1/72 AModel SM-1/300 with additional wings

Gallery Article by Juergen “jott” Klinglhuber on Jan 20 2020



Mikhail Mil, as one of the world's leading exponents of rotorcraft design, was a contemporary of Nikolai Kamov at the TsAGI (Central Aero and Hydrodynamic Institute) during the 1930s. Given charge of his own design bureau in 1947, he became responsible for the first Soviet helicopter to go into quantity production. The Mi-1 prototype was completed and flown in September 1948 and was a compact machine with a fully-enclosed metal-skinned fuselage. It was built to a single main rotor configuration, with a small anti-torque rotor at the rear. The Mi-1 made its public debut at the Tushino Air Display in 1951, by which time it was already in production and service with the Soviet armed forces.

Click on images below to see larger images

Polish production began with the standard Mi-1 late in 1955 under the designation SM-1 with a licence-built version. This type was also operated at The Polish Flight Research Center (Instytut Lotnictwa) in Warszawa for test purpose – in the shown model we see it with additional wings.

As you can see in the attached pictures I did have my troubles with the fit of the parts during assembly. The front section of the fuselage is from a clear sprue whilst the rear section is of different material and the alignment of both elements was far from “good”. Putty filler and sanding. Several times. Finally I was able to “fade out” the misalignment into an “okay” fit. I added some weight behind the cockpit panel but the bird is pretty “transparent” and therefore space to hide weight is limited – unfortunately, because the bird shows still a tendency for tail sitting. Last but not least I broke the attachment from all three blades to the main rotor head - twice, what a pity. I was able to recover but you might see it in the pic’s – right after the rotor head the blades are turning upwards too much now. So all in all a painful experiment, but once more I enjoyed to add another “rather uncommon model” to my collection.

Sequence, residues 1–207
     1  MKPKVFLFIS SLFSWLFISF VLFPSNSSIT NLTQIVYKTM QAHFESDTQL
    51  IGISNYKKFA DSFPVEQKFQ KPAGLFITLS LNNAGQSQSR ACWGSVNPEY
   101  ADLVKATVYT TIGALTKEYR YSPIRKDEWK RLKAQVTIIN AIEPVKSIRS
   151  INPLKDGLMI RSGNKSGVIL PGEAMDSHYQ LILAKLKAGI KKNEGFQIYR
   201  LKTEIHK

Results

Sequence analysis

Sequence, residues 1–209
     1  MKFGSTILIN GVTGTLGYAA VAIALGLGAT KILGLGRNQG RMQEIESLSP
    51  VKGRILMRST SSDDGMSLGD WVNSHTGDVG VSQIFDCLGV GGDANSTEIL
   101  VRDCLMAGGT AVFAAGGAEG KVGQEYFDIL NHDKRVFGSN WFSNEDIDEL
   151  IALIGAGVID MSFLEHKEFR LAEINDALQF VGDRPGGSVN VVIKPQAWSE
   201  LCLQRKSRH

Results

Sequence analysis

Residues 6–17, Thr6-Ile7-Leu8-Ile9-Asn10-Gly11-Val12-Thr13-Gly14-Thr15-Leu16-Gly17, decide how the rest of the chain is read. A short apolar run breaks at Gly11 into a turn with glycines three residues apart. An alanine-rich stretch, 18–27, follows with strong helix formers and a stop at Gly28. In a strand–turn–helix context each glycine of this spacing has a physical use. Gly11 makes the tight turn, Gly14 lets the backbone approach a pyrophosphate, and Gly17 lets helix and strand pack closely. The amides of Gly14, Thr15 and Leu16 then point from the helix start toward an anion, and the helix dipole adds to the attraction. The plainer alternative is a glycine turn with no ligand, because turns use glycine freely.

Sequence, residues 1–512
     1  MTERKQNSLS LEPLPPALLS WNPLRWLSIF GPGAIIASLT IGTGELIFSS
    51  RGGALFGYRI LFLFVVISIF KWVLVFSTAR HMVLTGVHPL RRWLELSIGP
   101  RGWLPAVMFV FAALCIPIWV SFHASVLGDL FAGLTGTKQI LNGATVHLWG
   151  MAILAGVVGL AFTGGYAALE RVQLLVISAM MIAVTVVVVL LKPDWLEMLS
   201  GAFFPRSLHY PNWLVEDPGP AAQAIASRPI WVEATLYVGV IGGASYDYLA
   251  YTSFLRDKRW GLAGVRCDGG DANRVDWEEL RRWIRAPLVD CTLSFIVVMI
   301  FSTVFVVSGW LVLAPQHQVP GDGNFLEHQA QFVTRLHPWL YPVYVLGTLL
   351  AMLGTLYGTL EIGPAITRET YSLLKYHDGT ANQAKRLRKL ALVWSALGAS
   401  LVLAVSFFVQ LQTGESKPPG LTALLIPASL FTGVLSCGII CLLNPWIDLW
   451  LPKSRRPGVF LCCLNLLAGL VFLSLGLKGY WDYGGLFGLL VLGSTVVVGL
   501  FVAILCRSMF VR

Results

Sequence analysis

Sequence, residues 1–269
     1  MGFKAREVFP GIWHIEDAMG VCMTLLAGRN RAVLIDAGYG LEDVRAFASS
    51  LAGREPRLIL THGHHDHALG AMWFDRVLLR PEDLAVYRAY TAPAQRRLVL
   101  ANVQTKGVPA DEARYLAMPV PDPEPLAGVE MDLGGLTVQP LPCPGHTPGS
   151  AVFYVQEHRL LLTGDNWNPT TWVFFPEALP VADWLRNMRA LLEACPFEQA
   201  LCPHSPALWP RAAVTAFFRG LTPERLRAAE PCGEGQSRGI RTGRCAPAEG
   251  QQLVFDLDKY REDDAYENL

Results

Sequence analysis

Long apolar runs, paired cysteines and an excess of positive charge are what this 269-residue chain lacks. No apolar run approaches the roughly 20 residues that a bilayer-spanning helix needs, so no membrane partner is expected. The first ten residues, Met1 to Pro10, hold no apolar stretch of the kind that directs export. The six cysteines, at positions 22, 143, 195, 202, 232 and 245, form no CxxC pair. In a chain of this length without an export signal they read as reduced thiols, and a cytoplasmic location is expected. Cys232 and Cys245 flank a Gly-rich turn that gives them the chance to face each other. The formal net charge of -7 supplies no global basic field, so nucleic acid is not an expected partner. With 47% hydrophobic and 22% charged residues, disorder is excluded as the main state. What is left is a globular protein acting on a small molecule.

Juergen “jott” Klinglhuber

Click on images below to see larger images


Photos and text © by Juergen “jott” Klinglhuber